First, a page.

My election is important to folks who value diversity. Diversity enhances legitimacy of the process and actually improves outcomes by ensuring many perspectives are bought to bear on a dispute. While we have made significant strides in increasing diversity of the bench in Texas, we still only have six open LGBT District Court Judges in the State of Texas. I am the longest serving open LGBT Judge in the state. If you believe as I do, that the people should see folks who look like them when they look at their government, then you have to ensure office holders who reflect the diversity of the population are elected and re-elected when they do a good job.

6. Why should people vote for you in the primary?

I have a passion for justice. This passion directs my politics, career and community choices and activities. All my life I have stood up for what is right and spoke out against and tried to change what is wrong. From my record, you know where my heart lies. My thirty years’ experience of activism and accomplishments in the community and the party shows it’s not just talk with me, I walk the walk.

Judge Hidalgo’s first year

Been pretty good so far, I’d say.

Judge Lina Hidalgo

During her longshot campaign in 2018, Lina Hidalgo at times sounded like a candidate for mayor or Congress. With talking points on immigration, criminal justice reform and education, her critics contended she surely misunderstood the role of county judge.

Hidalgo insisted the incumbent crop of leaders had a too-narrow view of what county government could accomplish. She unseated Ed Emmett, the popular three-term county judge, in an Election Night stunner amid a Democratic sweep of countywide posts. And then she set about enacting her vision.

After a year in office, Hidalgo has mollified many concerns about her inexperience, marshaled the county’s response to a series of chemical fires and presided over a Commissioners Court of older men who often clash. With her two Democratic colleagues, she has broadened the size and scope of county government, and pledged to do so further in 2020 with a focus on early childhood development.

“We’ve begun to transform the way we do things in the county,” Hidalgo said. “The county used to be in this box that was just about roads and bridges. Now, we’ve seen and we’ve shown it can be about environmental investment. It can be about criminal justice reform. It can be about voting access.”

She has also seen her national stature rise. Forbes magazine named her to its “30 Under 30” list. Presidential candidates have sought to meet her during trips to Houston, attention she said makes her feel humbled.

Locally, the public views Hidalgo with a curiosity her predecessors did not elicit. After Hidalgo appeared on a BBC panel in November with a state senator and two members of Congress, she was the one several attendees waited to greet afterward.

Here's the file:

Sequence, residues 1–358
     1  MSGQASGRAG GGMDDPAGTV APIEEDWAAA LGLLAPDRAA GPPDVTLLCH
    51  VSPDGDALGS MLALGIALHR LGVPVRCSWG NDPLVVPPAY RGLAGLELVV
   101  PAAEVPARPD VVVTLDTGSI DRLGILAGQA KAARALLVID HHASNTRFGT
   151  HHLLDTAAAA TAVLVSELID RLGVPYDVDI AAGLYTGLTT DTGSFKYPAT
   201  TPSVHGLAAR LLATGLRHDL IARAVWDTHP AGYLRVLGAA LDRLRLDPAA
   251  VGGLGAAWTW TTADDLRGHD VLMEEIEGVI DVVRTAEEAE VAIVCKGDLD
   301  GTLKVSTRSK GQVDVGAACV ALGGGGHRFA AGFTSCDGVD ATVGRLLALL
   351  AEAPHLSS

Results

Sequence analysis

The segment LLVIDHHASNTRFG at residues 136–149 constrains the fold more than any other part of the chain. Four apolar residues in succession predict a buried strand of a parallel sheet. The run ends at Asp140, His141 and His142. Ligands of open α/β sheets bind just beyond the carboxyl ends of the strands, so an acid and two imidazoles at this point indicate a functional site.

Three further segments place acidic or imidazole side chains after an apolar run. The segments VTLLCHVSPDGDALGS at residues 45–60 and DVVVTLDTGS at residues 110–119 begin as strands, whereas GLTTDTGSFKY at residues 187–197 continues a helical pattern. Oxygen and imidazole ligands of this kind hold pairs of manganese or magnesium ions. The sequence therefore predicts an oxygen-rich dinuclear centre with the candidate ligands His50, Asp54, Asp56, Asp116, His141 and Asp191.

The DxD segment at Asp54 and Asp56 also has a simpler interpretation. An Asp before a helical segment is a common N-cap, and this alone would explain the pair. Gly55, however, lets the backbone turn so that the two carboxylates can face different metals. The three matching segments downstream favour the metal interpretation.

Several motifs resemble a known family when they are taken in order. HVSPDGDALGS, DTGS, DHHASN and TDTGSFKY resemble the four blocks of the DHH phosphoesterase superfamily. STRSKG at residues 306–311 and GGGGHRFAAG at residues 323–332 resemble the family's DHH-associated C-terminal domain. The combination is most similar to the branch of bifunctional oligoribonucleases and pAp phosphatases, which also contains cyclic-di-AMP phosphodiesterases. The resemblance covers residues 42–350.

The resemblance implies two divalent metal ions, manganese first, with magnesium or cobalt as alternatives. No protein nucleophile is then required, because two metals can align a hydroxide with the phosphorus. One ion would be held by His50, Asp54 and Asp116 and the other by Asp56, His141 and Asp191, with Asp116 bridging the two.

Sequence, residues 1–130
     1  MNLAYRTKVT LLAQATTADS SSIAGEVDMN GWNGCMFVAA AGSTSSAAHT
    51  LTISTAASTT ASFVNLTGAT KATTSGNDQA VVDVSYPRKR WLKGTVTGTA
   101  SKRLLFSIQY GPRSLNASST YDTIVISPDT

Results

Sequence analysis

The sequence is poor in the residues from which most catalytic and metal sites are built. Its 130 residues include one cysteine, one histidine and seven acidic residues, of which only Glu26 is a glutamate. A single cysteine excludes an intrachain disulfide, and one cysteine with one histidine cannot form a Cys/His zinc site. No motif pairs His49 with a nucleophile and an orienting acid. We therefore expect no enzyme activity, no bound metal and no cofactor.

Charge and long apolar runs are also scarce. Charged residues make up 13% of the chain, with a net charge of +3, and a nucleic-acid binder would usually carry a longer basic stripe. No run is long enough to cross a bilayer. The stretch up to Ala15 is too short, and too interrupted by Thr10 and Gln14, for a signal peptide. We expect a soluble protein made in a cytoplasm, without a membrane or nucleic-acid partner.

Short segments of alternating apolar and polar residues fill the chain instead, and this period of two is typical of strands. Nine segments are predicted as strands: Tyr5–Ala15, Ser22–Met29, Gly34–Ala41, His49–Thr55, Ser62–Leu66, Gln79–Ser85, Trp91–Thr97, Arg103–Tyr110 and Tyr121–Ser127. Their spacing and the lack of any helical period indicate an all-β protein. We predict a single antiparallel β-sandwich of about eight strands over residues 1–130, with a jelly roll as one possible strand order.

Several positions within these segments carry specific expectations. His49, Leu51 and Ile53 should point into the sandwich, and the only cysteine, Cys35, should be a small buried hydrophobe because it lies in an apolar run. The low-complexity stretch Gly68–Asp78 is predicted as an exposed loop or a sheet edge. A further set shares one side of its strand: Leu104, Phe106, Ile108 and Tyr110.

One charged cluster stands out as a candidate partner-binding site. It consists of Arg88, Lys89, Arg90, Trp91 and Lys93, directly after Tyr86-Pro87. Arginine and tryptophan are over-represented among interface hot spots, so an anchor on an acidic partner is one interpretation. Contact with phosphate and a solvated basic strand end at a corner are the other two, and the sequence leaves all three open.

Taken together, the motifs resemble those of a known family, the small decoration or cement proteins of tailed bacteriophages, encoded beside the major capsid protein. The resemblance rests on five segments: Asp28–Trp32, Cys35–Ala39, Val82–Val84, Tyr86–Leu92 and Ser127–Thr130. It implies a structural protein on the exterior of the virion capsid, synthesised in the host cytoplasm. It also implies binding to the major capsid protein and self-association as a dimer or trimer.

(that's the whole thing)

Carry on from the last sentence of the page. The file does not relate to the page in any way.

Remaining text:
During a holiday toys for kids event at the George R. Brown Convention Center in mid-December, Hidalgo greeted families waiting in line in English and Spanish. Young women, in particular, asked to take photographs with her. They asked how a person like her ended up in a position like this.

“They ask how did you do it? How did you manage to break into the machine?” Hidalgo said. “My biggest message to young people is to get involved … to volunteer, to participate. We need smart people in government.”

Judge Hidalgo recently gave her first State of the County address, in which she talked about the things that she and Commissioners Court accomplished this past year. As the story notes, the election of Adrian Garcia to the Court as well, which gave Dems a 3-2 majority and the votes on the Court to begin doing the kind of things Hidalgo had spoken about during her campaign, was a key aspect to this. She had the vision from the beginning, and the courage to run when no one else wanted a piece of that race, and she has very much been the public face of the Court and in many ways the county. There’s a lot she has to be proud of, and to build on going forward.

The article mentions that Hidalgo has yet to decide whether to seek re-election in 2022, though it does not quote her directly on that. My guess is this is more of a “I’m just focusing on doing my job and not thinking about that yet” situation than any actual possibility of her not running again. I have heard that there are people who are thinking about running against her in the 2022 primary, which I’d say is likely about opportunity in a newly Democratic county rather than an assessment of her tenure. Be that as it may, I feel confident that 2022 will be a higher profile election year for County Judge than 2018 was. I’ve not heard any names attached to these whispers, but I do know who I plan to vote for.